In this post you'll learn
According to the US Occupational Safety and Health Administration (OHSA), Hand-Arm Vibration (HAV) is a vibration exposure that mainly affects people who regularly use vibrating pneumatic, electric, hydraulic, and gasoline-powered hand tools. Research and studies going back to 1918 link HAV exposure to a condition of the fingers and hands called Hand-Arm Vibration Syndrome (HAVS). Typical signs are loss of sensation in fingers such as tingling, or numbness followed by a white or blue finger due to loss of blood circulation. These symptoms indicate nerve and vascular damage is occurring and although they might only appear in cold weather initially, with continued exposure the condition becomes more severe and can occur at any time.
They suggest that:
“Presently, most doctors and scientists have found HAVS to be generally irreversible. Workers experiencing HAVS signs and symptoms are advised to stop all vibration exposure and seek medical attention immediately.”
Assessing and Quantifying Vibration
As the vibration generated using a variety of tools in a myriad of applications creates a huge range of effects experienced by the user this effect must be measured, then assessed before comparing against limits for tool use.
Vibration is measured by a formula known as an A(8) value which is the total vibration value.
This is the average (A) exposure over an eight-hour (8) day and considers the magnitude of the vibration and how long you are exposed to it. The A (8) value is calculated in metres/s² as the acceleration that the operator experiences when using a particular tool for a length of time.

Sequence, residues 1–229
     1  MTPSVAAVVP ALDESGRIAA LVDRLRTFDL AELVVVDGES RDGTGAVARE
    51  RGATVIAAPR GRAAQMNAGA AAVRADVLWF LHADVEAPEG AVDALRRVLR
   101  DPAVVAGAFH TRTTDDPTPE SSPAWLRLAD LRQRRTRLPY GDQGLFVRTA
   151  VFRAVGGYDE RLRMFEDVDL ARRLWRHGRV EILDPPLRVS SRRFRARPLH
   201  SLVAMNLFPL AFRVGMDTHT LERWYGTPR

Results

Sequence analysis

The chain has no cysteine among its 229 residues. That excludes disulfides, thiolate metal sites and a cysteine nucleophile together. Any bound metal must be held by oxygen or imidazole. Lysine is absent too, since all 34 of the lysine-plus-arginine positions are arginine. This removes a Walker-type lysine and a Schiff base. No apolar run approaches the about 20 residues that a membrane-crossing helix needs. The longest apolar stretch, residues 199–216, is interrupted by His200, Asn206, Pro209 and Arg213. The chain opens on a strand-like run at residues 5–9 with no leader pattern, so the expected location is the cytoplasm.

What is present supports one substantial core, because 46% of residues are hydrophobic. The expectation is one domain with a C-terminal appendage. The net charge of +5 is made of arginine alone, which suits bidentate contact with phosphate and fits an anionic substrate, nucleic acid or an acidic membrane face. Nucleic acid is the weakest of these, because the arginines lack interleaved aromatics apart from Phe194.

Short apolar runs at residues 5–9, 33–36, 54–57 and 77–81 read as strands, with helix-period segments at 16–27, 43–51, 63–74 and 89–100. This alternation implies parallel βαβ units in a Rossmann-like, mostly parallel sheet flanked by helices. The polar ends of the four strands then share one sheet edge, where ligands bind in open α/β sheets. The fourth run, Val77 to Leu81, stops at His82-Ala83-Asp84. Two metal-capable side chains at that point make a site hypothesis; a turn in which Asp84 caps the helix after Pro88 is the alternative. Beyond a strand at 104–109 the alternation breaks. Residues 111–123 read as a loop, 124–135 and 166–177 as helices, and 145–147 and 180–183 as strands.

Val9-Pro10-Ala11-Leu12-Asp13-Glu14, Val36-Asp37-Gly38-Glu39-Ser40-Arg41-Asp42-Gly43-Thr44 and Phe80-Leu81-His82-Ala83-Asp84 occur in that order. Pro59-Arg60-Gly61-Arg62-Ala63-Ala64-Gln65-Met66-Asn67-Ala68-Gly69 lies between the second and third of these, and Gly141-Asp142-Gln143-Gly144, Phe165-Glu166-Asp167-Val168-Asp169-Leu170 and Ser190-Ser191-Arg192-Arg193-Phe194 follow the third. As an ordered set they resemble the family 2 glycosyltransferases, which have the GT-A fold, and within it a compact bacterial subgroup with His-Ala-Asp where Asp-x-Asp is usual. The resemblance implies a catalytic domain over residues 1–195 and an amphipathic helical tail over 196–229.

As the magnitude of the vibration varies for every tool and application it needs to be considered as the acceleration experienced simultaneously in three perpendicular axes to give a comparable, realistic value. The acceleration of the tool and therefore the operator’s hand is measured in the x, y, and z axes to give the total effect on the user.
Tri-axial accelerometers, where 3 accelerometers are in one package, will be labeled to indicate the x, y, and z axes of the device. When rigidly mounted on a tool, the x-axis needs to point through the back of the hand, the y-axis across the knuckles of the hand, and the z-axis run parallel to the plane created by the bones in the back of the hand. However, these measurements taken “on the bench” can only measure the output of the tool at the manufacturer’s site, they are not application-specific where further variations occur.
Many hand tool providers and OHS online advise visiting the UK Health & Safety Executive website for information on vibration (See Resources below). This site provides advice and information on Hand Arm Vibration (HAV) and it includes an HAV Exposure Calculator that is easy to use to work out the daily vibration exposure for tool users.
The table given at https://www.hse.gov.uk/vibration/hav/source-vibration-magnitude-app3.pdf from the UK Health and Safety Executive shows the typical range of vibration for a variety of tool types.
- Chipping hammer Hitachi Electric (1.3Kw) ISO 8662 12
- Wall chaser Bosch Electric (0.9Kw) ISO 8662 4
- Hammer drill Hitachi Battery ISO 8662 6.5
- Hand drill Makita Electric (0.23Kw) ISO 8662 <2.5
- Angle grinder Hitachi Electric (2Kw) ISO 8662 <2
In the UK the Control of Vibration at Work Regulations 2005, based on the European Physical Agents (Vibration) Directive (2002/44/EC), specify daily exposure limits. The first threshold is known as the Exposure Action Value (EAV) specified as 2.5 m/s² A (8) at which employers will be required to take action to control risks. The regulations also dictate an Exposure Limit Values (ELV) of 5.0 m/s² A (8) when the employer must prevent any further daily exposure.